As Psychology teachers we want students to actively focus on:
- Knowing the spec. inside-out, so that they can…
- Spot opportunities to use the spec. content and its terms in their answers, and then…
- Elaborate on their answer to gain maximum marks
But in addition to this, when applied (A03) questions require students to address information given in the question stem, our students face an extra sticky challenge. To help them meet this challenge, we can encourage them to develop meta-cognitive skills: we want our students to be aware of a range of strategies so that they have a mental Swiss-army knife of techniques at their finger-tips to tackle the most troublesome of questions.
One such set of strategies is MURDER, an acronym which students can recall to ‘kill’ difficult questions.
How to Kill Difficult Questions:
Mentally step back…and consider W.E.L.F.
Use the information given
RTQ and ATQ (systematically)
Don’t just do something, sit there!
Exercise mastery – use what you do know
Return to it later in the exam
So here is how I explain these strategies to my students:
Mentally step back…and consider W.E.L.F. Examiner feedback on past paper questions often refers to the idea that examiners can really see the difference between candidates who ‘mentally step back’ before answering a question, and those that don’t! W.E.L.F. is short for: What the Examiner is Looking For. It links back to the idea that if you know the specification that underlies all the exam questions then you can work out what a question is trying to elicit from you and what is on the mark scheme. Students who have practised taking a pause to consider their strategy, making use of this sort of technique, do better. You could even use an egg timer to force thinking time when practising exam questions in class: 15 seconds per mark.
Use the information given. Many questions actually include information that students can use in their answer. For example, operationalised variables are often given in the stem that can simply be lifted whole-sale, for example when candidates are asked to write a hypothesis, table heading, or axis labels. Advice for dealing with applied (A03) questions that have an explicit requirement to address the question stem is slightly different however. Whilst quoting parts of the question stem word-for-word in their answer is better than not addressing those bits of the stem at all, better marks are gained by candidates who change bits of the stem into their own words i.e. paraphrase not copy.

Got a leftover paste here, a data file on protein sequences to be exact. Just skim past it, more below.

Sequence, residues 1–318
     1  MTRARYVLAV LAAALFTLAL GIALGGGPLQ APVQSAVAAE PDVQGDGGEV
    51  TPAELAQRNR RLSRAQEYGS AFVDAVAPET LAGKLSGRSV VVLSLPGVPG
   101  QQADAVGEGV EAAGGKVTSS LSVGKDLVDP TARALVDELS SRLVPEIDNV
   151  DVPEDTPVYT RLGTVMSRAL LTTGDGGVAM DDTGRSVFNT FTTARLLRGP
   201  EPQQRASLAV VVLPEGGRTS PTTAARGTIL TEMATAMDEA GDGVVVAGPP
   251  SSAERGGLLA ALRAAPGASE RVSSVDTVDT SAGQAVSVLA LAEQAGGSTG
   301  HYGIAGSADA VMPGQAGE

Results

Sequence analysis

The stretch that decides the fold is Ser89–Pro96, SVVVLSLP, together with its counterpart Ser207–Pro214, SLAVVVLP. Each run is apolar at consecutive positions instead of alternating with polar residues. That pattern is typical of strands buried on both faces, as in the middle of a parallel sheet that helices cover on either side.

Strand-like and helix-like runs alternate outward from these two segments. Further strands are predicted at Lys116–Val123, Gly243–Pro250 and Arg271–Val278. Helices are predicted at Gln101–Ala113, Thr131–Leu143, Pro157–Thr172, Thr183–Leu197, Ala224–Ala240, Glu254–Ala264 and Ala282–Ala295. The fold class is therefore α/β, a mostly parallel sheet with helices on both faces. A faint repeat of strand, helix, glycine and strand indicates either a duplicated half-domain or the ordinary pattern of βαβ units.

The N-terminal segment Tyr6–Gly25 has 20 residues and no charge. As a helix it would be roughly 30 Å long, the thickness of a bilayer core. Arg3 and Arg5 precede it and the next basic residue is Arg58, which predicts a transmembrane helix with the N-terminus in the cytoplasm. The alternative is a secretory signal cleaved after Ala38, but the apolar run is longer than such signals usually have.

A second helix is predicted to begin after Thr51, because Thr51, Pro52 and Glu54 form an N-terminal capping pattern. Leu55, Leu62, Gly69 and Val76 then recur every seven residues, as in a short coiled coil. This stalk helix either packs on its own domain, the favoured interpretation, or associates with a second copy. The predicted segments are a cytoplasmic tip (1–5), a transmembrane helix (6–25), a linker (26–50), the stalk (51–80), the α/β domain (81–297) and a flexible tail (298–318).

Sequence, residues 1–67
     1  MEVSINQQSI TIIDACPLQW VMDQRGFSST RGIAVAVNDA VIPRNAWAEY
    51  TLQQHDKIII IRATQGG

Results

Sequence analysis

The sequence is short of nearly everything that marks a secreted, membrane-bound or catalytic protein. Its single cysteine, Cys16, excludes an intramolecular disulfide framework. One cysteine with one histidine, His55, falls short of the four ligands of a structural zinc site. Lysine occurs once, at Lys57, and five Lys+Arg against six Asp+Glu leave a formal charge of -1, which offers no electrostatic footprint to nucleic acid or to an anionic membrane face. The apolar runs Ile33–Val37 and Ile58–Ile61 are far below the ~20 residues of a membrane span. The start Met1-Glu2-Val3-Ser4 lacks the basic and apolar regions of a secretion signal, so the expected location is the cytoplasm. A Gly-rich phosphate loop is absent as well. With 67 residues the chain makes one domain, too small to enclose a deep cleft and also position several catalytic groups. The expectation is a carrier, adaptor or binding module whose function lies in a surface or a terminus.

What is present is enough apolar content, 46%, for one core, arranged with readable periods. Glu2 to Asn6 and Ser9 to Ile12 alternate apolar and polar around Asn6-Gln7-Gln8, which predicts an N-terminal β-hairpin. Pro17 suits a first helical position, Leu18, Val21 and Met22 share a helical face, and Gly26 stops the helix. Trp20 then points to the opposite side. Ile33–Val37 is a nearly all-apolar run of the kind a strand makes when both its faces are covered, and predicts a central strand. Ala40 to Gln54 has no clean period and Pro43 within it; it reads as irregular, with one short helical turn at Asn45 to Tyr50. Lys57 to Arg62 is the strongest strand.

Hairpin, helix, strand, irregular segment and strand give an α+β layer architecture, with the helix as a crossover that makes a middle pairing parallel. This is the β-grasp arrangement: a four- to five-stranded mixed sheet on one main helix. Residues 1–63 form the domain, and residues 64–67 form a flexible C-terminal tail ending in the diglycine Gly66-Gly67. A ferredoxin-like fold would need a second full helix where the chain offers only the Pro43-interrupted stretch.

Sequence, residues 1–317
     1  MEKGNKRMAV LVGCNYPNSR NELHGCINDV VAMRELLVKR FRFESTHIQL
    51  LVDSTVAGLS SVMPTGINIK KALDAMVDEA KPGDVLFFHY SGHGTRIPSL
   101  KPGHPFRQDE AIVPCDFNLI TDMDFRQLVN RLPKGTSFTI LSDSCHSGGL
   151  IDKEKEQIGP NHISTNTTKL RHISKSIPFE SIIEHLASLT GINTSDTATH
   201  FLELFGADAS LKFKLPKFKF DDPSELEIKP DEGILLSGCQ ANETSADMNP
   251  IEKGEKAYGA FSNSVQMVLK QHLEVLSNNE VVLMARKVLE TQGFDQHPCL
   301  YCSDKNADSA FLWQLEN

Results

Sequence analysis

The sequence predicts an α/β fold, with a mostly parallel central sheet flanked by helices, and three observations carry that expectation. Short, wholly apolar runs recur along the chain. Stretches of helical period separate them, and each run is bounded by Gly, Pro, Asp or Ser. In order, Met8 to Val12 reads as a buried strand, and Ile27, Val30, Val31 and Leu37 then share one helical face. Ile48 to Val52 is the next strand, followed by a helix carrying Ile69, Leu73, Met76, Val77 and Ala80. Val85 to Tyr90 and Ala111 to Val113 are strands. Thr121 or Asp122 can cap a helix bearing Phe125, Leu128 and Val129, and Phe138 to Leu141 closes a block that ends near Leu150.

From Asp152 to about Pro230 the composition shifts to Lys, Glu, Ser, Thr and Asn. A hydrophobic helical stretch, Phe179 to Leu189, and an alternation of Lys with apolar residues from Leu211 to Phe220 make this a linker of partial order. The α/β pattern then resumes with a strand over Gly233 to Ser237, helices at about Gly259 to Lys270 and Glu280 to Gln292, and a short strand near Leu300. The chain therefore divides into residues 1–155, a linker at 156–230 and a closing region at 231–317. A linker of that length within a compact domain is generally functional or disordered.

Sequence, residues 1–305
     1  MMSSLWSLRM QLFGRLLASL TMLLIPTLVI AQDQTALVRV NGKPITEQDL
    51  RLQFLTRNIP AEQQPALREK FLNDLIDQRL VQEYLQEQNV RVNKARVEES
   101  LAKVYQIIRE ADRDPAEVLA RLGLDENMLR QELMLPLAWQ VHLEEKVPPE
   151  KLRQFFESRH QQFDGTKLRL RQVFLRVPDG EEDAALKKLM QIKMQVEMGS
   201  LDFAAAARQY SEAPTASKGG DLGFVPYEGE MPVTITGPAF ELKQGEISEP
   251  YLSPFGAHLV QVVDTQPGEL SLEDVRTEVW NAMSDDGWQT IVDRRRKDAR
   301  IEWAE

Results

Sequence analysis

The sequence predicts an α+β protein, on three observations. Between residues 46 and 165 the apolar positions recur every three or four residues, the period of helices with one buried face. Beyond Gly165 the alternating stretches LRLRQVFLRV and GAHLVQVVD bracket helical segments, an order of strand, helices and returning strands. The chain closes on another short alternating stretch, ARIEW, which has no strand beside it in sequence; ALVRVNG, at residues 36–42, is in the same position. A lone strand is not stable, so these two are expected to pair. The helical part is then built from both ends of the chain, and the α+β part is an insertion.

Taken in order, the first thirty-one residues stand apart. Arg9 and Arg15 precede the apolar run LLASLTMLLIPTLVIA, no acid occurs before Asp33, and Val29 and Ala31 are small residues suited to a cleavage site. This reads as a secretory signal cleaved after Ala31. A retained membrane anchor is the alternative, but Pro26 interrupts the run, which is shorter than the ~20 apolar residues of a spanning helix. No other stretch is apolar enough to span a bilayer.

As an example, consider this question:
Robert has right hand side paralysis and though he can understand speech, he cannot speak. Use knowledge of research into hemispheric lateralization and language centres to discuss his case.
A student answer addressing the wording in the stem such as ‘Robert cannot speak so this suggests he has Broca’s aphasia’ is essential to gain a good mark but an answer that paraphrases the stem such as ‘Robert’s speech production deficit suggests he has Broca’s aphasia’ is much better in the examiners eyes because it shows the stem has been processed.
RTQ and ATQ (systematically). That is RTQ (Read The Question) and ATQ (Answer The Question). If students are trained to do this, and to do this systematically, they will break questions down into tasks and deal with each task separately.
For example, for questions that ask for two differences students do better if they use a word to signpost the comparison being made such as whereas and should leave a line between their two differences, as this helps organise their thoughts (and those of the examiner).